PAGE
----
The coal, but now also the war and the Russian propaganda, have given Donbass an even grayer break than before – also in Ukraine, explains the Ukrainian poet Ljuba Jakumtyuk. Growing up in the coal-mining town of Pervomaisk in Donbass, in eastern Ukraine, apricots were “everything.”
— – We cooked everything with apricots – sweets – but we also made vodka.
When she wrote her collection of poems “Aprikoser i Donbas” it was with the motto “where Russia begins, the apricot trees disappear” which she describes as a direct reflection of reality. The wild trees were once planted as windbreaks on the steppe, now many are burned and charred due to the war.
— There are lots of apricot trees in this area but near the Russian border they just disappear, when I was a child everyone knew that Russia is a place without live apricot trees.
Ljuba Jakumtjuk experienced the war on the ground in Donbass in 2014; today, Russian soldiers live in her childhood home, they sleep in her parents’ bed, neighbors have told her, she says, asking rhetorically: “can you imagine that?”.
The poems that have been translated into Swedish are about this first war, and not about the large-scale invasion in 2021, which she also wrote about. While the prose writers have testified to the impossibility of depicting the ongoing war here and now, the poetry works excellently, she emphasizes. Today’s poetry readings in Ukraine are also well attended.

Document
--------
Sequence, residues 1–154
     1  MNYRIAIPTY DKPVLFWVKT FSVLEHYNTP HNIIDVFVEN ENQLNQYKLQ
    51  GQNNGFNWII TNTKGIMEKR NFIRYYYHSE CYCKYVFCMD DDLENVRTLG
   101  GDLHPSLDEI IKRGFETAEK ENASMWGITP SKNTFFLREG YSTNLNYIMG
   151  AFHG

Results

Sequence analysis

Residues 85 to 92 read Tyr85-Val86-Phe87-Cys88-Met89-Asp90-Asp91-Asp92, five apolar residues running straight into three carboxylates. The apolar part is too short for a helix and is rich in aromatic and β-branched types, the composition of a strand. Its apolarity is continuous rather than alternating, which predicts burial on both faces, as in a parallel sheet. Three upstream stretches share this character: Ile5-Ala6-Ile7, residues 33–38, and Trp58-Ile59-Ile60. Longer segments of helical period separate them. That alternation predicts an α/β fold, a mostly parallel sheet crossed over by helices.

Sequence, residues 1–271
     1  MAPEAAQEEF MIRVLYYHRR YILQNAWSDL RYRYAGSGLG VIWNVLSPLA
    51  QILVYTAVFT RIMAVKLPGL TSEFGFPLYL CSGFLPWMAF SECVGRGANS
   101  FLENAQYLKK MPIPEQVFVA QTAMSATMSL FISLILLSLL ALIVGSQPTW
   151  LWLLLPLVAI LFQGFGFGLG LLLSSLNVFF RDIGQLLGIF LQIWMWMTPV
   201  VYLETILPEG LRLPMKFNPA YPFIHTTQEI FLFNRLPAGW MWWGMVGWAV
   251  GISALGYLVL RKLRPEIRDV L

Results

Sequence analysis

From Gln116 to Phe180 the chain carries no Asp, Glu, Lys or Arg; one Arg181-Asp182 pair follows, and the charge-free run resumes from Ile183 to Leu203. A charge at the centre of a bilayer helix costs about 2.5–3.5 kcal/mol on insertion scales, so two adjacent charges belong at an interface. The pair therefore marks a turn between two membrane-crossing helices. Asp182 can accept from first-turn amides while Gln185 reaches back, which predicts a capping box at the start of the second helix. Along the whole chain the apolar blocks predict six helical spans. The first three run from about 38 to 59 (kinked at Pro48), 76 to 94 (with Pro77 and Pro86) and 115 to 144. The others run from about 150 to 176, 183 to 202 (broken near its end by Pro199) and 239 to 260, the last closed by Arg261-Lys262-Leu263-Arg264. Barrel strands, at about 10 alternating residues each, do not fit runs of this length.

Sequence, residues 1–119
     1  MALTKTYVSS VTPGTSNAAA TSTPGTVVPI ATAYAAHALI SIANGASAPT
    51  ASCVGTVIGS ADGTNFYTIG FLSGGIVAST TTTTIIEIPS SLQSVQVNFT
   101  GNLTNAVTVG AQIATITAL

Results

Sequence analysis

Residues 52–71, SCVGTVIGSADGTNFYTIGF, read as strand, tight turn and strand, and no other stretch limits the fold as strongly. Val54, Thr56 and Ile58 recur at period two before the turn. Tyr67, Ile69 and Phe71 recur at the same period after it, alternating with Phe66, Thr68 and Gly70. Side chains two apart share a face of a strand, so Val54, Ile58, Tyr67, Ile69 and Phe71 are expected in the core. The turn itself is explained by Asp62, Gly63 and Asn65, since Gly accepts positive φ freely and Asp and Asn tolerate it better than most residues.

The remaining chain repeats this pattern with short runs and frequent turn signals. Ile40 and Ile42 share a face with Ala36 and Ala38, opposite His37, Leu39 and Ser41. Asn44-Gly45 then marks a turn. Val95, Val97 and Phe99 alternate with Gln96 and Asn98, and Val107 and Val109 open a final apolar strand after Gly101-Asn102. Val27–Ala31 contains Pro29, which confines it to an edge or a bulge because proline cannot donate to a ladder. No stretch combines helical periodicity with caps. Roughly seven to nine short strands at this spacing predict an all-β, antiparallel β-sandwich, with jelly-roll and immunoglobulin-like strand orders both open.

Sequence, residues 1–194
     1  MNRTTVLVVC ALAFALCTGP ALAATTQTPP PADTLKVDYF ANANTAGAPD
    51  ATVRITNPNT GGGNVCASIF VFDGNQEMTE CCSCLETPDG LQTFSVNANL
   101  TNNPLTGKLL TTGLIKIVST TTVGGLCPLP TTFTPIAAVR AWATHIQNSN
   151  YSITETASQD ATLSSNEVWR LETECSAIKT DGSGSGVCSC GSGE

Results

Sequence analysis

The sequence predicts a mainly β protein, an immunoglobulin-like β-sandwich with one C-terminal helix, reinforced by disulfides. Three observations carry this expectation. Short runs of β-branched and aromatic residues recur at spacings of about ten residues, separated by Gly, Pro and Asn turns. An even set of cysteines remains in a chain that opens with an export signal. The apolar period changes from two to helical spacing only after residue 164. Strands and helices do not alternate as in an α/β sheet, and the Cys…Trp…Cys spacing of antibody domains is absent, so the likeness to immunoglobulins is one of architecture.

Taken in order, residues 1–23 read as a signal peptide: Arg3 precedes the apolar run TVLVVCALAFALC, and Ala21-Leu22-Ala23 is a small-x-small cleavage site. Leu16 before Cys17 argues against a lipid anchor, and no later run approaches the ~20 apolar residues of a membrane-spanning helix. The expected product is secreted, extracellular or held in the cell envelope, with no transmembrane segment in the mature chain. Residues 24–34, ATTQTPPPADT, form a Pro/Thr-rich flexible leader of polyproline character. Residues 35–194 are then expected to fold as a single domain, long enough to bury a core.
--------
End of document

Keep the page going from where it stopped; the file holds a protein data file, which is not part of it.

— Poetry is a short genre, you can experiment, work with language to find a new way to talk about war. It is not so easy when one’s friends are dead and when one’s home is under occupation.
“war has no poetry / only decay / only letters / and everyone just – rrrr” writes Ljuba Jakumtyuk, who belongs to a linguistically playful generation of Ukrainian poets. She started school in 1992 in independent Ukraine. Excited and energetic, she recounts how, unlike her parents, she was allowed to rediscover the Ukrainian Futurist poet Mychaijl Semenko, who was shot by Stalin’s regime in 1937 and whose books were purged from libraries and destroyed.
— He is, in a way, part of my family and my teacher. I studied his biography and have been researching the archives about him, he is very cool and I am trying to understand how his poetry works.
The war affects the vocabulary, she states. “Bledina” (big whore) is called Russian missiles, while “mopedy” stands for Russian drones that sound like mopeds. The very word “war” – “vijna” in Ukrainian – she has stopped using.
— It’s ruined – empty – it’s just a waste of people’s attention, she says and talks about one of her latest poems, which in English has the title “When the war was ended” but which in Ukrainian is called “Nern det konde” in short .
Only then will it also be possible to depict the total darkness of war and only that, she reasons. Now she feels she has an obligation to “not traumatize literature” but also to give glimpses of faith in the future.
Her poems about war also contain love and passion. Today’s Ukrainian reality makes the feelings sharper, she thinks.
— I had not experienced it before, if you have a strong relationship it becomes even stronger, bad relationships end during war. It will be an opportunity to start something new. Such is the Ukrainian reality now, when the war started in 2014, I was in a less than good relationship and I decided to divorce.
“Aprikoser i Donbas” was translated into Swedish earlier this year and is now published in seven languages. Ljuba Jakumtyuk does not think that it is the war that spreads her poetry around the world, but the Ukrainian struggle for independence. The previously objectified Ukraine is now seen as a subject, she reasons. It also increases the world’s interest in culture.
— Nobody likes losers.
Poetry readings in Ukraine are very well attended, says Ljuba Jakumtjuk, whose poetry collections are published in new editions.